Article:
German Security Report: US Poses More Danger Than Russia

© AP Photo / Matthias SchraderGerman Bundeswehr soldiers of the 122th Infantry Battalion take part in a farewell ceremony in Oberviechtach, Germany, Thursday, Jan. 19, 2017
German Bundeswehr soldiers of the 122th Infantry Battalion take part in a farewell ceremony in Oberviechtach, Germany, Thursday, Jan. 19, 2017 - Sputnik International
"The Security Report 2018" has cited ordinary Germans as saying that Russia is a less serious threat to world peace than the US and apparently it's all due to Donald Trump, claim the authors of the report, which also shows a decline in confidence in the German army.

Tilo Graser

The German public's stance on their country's security situation differs from the German authorities' thoughts on the matter, revealed the "Security Report 2018", presented on Wednesday in Berlin.

This difference pertains to who threatens world peace, with Germans believing that a much greater threat emanates from the US than Russia.

Klaus Schweinsberg of the Center for Strategy and Higher Leadership, who contributed to the report, recalled the speech of then-German President Joachim Gauck at the Munich Security Conference in February 2014.

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At the time, Gauk said that Germany should and wants to take on a "new responsibility" in the world. The population's understanding of this statement "differs significantly from understanding what was then presented as the purpose of the former federal government," Schweinsberg said.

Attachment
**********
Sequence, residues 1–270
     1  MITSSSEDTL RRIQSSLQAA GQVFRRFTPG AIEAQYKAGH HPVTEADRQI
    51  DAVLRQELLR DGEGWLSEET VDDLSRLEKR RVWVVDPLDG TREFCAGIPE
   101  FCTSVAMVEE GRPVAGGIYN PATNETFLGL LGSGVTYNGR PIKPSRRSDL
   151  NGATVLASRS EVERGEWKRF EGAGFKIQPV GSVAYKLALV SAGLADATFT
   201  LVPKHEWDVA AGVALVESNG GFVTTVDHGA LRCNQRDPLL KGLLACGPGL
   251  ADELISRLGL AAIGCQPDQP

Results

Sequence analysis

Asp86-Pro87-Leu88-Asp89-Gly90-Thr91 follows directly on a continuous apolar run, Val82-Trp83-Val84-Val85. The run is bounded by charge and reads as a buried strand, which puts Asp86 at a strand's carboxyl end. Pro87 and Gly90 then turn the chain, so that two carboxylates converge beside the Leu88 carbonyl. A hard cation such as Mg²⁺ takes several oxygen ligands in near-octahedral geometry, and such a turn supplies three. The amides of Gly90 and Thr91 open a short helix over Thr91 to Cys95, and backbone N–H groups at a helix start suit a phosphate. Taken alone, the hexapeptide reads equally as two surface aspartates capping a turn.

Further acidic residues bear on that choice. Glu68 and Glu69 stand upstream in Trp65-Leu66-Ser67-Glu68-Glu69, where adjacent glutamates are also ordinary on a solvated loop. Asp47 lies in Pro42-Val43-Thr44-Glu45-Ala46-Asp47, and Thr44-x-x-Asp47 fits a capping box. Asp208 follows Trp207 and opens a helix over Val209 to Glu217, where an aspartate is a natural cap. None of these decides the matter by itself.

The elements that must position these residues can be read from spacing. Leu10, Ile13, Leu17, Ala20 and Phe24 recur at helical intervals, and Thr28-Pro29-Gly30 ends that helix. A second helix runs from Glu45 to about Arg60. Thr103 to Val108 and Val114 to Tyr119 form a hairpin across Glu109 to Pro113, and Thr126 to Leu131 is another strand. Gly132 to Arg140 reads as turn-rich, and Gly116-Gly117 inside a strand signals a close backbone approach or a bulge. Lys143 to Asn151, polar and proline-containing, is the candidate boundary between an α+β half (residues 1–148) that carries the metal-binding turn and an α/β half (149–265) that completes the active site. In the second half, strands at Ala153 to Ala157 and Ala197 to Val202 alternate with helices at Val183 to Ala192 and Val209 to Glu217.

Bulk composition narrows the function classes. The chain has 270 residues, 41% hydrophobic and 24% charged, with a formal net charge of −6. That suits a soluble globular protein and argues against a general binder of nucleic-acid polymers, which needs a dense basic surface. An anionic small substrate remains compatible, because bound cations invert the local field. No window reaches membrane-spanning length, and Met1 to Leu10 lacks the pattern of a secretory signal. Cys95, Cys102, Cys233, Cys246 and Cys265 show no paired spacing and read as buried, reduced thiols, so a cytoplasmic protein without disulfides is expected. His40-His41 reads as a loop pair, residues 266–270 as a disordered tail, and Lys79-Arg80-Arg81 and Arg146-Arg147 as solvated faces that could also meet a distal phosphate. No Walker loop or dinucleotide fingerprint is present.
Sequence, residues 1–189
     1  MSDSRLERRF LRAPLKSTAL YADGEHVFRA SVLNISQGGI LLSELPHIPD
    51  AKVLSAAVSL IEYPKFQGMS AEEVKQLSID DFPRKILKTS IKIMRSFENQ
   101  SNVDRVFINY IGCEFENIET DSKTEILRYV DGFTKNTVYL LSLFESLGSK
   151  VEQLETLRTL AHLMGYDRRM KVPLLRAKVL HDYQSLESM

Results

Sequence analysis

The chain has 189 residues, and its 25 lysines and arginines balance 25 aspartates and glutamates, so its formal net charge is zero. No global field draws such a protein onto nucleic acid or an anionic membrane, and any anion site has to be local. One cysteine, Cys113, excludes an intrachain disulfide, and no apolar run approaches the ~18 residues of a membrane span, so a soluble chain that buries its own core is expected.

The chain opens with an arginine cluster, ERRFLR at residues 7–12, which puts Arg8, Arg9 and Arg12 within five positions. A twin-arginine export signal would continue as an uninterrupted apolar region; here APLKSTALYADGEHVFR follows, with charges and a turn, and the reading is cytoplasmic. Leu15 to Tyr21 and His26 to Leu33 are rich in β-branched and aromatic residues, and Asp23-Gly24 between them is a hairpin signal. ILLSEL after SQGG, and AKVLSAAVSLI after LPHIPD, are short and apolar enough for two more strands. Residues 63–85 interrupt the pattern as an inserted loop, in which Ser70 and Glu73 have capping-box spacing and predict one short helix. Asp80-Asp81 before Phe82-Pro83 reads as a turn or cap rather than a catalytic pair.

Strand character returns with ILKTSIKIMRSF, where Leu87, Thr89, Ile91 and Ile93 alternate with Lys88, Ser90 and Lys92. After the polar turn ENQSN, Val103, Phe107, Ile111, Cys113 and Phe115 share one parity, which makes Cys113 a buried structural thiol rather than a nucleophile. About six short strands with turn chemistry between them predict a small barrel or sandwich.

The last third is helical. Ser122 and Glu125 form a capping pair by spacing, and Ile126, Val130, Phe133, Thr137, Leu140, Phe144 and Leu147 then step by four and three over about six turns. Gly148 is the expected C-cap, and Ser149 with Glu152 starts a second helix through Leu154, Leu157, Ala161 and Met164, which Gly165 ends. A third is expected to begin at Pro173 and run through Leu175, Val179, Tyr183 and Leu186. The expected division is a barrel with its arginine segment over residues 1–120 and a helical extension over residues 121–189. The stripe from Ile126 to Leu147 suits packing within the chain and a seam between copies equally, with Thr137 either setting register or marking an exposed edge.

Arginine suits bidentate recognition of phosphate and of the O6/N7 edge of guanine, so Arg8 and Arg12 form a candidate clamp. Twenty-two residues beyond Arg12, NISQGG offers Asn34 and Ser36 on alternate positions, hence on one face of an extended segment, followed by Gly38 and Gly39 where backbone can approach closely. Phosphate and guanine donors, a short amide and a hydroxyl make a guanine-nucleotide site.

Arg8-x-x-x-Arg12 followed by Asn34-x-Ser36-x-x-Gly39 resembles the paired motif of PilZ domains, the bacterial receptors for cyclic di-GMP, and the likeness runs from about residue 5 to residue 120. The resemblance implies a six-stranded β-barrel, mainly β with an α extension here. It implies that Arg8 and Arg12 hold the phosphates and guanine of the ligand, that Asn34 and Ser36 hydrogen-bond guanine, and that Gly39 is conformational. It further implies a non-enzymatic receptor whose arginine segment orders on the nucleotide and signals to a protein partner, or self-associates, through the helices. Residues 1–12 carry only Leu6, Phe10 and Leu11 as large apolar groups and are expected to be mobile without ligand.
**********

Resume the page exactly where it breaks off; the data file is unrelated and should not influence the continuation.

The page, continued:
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He presented the report together with Renata Koecher, head of the Institute of Demoscopy in Allensbach (IfD). The past seven years have seen similar reports adding to attempts to understand and describe how the Germans feel in their country and abroad. More than 1,200 citizens over 16 years old took part in the latest report which was issued in January 2018.

According to Schweinsberg, despite appearing a secure country, Germans are most afraid of terrorism.

Most respondents (74 percent) named the Daesh (Islamic State) terrorist organization a threat to Germany, 48 percent pointed towards the conflict with North Korea, while 37 percent included the "conflict between Ukraine and Russia", according to the report.

The US on Second Position in Terms of the Degree of Threat to World Peace

However, putting threats directly to Germany to one side, the authors of the report were surprised to find out that 73 percent of German citizens believe that the greatest threat to world peace emanates from North Korea.

The fact that the United States was in second position, ahead of Iran, Turkey, Syria and Russia was "really overwhelming and worthy of attention," according to Schweinsberg.

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Like public opinion researcher Renate Koecher, Schweinsberg attributed the results of the poll to the policy pursued by current US President Donald Trump.

In an interview with Sputnik, Schweinsberg also cited the population's ability to orient themselves in issues related to foreign and security policy.

He said that after the cancellation of military duty, such a "classic image of the enemy" as Russia was no longer drummed into the brains of the German population. In comparison with this, the mass media create it much more actively: